Total general (local, regional and central) government expenditure in educational institutions (current and capital), expressed as a percentage of GDP. It excludes transfers to private entities such as subsidies to households and students, but includes expenditure funded by transfers from international sources to government.
Divide total expenditure in public institutions of a given level of education (ex. primary, secondary, or all levels combined) by the GDP, and multiply by 100.
Data on education expenditure is received by country governments responding to UIS's annual survey on formal education. The data used to fill the questionnaire on education expenditure may come from annual financial reports by the Ministry of Finance and/or the Ministry of Education, and/or national accounts reports by the National Statistical Office. GDP data comes from the World Bank and is updated three times a year.
A higher percentage of GDP spent on educational institutions shows a higher government priority for education, but also a higher capacity of the government to raise revenues for public spending, in relation to the size of the country's economy. When interpreting this indicator however, one should keep in mind that in some countries, the private sector and/or households may fund a higher proportion of total funding for education, thus making government expenditure appear lower than in other countries. One should also keep in mind that this indicator excludes transfers to private entities, such as financial aid to students.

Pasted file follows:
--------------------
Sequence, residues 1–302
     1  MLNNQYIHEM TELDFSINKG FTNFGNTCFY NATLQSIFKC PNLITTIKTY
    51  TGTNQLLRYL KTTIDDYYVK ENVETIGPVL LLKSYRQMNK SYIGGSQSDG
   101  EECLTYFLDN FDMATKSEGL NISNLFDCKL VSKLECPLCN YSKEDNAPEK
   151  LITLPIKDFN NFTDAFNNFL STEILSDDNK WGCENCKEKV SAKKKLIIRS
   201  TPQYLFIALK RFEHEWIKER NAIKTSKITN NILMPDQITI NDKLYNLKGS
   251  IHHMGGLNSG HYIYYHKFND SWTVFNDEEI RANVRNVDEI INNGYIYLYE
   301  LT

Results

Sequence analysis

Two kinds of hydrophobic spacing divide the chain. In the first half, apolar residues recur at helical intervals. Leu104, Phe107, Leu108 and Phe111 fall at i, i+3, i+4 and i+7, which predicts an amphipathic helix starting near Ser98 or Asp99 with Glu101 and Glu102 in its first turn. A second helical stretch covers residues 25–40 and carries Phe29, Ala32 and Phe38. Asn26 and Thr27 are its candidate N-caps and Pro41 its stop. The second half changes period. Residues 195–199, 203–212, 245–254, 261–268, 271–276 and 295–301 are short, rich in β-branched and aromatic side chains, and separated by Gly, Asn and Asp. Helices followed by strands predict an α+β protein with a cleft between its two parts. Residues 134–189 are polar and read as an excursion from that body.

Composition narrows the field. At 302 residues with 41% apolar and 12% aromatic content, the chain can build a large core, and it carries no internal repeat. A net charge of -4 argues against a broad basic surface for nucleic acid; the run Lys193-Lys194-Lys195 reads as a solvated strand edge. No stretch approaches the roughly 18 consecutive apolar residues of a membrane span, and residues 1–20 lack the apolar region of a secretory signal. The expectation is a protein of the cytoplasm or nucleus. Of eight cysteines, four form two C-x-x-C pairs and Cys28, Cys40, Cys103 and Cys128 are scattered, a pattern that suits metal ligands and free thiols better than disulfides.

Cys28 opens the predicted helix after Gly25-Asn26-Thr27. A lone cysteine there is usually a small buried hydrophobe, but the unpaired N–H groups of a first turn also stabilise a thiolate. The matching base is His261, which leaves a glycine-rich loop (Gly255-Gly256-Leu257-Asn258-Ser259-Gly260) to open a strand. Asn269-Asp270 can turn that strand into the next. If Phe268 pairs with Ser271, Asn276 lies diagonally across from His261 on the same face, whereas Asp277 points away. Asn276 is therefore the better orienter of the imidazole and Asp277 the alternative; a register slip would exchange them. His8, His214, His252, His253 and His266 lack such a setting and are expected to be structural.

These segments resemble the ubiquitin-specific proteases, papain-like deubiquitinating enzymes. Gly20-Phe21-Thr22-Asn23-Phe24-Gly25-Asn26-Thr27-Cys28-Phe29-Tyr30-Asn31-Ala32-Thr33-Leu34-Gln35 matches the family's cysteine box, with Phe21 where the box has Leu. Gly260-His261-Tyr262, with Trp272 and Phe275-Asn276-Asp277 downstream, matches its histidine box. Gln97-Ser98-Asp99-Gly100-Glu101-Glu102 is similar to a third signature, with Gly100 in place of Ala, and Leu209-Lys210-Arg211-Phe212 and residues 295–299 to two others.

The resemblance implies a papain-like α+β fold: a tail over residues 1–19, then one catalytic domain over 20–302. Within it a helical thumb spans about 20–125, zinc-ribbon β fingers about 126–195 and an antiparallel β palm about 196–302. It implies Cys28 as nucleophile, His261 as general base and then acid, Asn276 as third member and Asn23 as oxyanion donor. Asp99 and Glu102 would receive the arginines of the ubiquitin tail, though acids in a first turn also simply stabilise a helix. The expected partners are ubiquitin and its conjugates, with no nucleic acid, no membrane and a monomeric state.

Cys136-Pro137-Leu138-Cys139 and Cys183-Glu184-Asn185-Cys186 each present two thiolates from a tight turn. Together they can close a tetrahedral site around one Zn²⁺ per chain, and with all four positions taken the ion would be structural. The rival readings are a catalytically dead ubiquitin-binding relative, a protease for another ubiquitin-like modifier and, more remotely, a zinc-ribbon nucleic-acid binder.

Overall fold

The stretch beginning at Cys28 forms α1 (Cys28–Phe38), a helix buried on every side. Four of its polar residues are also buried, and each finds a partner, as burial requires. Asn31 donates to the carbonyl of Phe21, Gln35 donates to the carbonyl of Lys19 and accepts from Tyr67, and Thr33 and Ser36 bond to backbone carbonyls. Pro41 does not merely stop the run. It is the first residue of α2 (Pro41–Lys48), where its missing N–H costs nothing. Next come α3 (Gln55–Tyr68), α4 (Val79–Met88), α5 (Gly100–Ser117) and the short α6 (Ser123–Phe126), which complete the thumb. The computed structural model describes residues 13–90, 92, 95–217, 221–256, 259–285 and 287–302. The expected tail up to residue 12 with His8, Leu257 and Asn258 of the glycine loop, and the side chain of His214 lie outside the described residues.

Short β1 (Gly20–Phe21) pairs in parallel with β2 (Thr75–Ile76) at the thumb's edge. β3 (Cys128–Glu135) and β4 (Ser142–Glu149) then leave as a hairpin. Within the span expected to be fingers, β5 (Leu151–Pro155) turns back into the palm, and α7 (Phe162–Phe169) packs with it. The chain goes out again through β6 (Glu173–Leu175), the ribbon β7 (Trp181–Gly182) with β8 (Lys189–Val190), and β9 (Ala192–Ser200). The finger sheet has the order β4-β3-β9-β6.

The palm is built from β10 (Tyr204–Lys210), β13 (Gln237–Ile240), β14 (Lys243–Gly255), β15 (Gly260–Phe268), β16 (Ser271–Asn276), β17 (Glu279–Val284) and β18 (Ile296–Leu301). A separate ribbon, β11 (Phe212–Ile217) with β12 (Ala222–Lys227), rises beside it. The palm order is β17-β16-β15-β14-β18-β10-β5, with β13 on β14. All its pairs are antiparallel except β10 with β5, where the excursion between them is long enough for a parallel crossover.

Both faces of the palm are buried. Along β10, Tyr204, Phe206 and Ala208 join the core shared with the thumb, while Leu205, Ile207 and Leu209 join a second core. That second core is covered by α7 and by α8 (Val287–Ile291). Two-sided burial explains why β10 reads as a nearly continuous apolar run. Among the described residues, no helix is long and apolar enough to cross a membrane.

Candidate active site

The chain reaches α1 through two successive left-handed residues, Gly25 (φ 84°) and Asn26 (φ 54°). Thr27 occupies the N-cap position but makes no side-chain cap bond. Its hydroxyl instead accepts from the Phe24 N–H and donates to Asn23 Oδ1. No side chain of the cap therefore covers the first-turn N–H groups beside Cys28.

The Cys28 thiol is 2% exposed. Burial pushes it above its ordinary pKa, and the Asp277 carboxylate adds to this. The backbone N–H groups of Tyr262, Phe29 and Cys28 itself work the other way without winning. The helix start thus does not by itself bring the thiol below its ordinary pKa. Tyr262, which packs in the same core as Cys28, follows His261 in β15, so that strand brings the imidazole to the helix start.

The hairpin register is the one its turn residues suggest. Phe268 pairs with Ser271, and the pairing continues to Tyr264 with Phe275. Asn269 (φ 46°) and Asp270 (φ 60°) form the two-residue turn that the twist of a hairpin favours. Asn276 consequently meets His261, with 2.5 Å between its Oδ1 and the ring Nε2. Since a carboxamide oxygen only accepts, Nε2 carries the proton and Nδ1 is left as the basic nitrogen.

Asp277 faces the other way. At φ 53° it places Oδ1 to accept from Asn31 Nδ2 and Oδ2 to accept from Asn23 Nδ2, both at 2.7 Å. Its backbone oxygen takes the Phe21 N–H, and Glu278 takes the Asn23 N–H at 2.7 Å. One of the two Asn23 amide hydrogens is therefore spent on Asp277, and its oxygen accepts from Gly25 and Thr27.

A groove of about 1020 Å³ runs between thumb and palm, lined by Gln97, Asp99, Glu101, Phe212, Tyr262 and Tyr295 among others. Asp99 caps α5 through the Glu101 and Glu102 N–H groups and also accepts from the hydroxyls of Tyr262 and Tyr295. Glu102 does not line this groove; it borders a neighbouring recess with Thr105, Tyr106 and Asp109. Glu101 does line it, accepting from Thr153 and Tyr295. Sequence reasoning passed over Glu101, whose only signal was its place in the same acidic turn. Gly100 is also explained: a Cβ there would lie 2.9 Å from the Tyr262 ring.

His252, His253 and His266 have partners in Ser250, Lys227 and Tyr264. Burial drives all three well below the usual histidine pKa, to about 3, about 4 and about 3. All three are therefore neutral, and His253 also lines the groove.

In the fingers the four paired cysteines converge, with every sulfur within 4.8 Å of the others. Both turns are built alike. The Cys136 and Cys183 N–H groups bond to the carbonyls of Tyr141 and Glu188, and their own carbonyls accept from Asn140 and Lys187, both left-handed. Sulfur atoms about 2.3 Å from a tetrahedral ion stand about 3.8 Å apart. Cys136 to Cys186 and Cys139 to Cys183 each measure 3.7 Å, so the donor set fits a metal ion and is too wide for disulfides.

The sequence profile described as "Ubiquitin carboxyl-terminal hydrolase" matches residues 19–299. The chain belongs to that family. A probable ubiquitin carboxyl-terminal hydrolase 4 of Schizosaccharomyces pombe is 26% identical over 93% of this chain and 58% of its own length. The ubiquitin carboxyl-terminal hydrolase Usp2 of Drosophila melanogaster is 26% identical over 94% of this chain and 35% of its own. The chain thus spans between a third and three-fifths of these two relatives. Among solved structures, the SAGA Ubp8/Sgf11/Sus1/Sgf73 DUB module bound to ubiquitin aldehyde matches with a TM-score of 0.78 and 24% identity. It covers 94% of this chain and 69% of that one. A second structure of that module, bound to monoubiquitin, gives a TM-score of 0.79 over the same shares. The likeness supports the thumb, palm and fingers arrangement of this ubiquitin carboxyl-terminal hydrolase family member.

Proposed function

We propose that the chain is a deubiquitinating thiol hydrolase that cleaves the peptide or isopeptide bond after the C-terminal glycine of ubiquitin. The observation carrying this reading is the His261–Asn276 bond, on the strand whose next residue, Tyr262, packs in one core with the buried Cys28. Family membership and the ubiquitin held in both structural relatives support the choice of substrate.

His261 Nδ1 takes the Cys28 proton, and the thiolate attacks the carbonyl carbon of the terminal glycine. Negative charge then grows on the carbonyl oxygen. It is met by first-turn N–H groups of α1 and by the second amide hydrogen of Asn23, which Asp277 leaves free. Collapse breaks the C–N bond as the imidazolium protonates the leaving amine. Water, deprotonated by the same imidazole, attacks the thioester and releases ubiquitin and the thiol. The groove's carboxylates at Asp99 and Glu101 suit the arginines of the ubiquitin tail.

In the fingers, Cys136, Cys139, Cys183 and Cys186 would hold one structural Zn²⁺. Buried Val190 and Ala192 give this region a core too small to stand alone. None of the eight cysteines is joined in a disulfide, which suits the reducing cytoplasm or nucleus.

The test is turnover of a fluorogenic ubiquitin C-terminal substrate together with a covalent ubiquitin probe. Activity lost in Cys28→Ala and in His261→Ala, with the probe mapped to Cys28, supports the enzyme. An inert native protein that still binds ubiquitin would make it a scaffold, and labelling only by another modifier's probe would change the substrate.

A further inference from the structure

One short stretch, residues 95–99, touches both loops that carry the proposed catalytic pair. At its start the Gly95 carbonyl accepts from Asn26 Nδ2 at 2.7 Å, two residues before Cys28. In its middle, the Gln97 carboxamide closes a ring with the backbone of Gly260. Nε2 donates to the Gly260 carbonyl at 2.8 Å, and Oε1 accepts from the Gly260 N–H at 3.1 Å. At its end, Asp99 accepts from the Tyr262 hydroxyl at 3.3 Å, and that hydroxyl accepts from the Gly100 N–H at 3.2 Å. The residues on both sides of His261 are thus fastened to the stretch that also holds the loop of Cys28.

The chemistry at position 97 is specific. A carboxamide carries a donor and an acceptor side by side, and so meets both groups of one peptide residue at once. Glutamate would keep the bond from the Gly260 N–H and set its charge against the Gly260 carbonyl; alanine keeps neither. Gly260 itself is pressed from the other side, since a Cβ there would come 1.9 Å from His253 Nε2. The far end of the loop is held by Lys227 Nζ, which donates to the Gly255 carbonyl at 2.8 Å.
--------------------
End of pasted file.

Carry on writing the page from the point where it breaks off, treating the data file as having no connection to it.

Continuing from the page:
In some instances data on total public expenditure on education refers only to the Ministry of Education, excluding other ministries which may also spend a part of their budget on educational activities.
To show the proportion of a country’s wealth generated during a given year that has been spent by government authorities on educational institutions. This indicator is useful to compare education expenditure between countries and/or over time in relation to the size of their economy.
By level of education.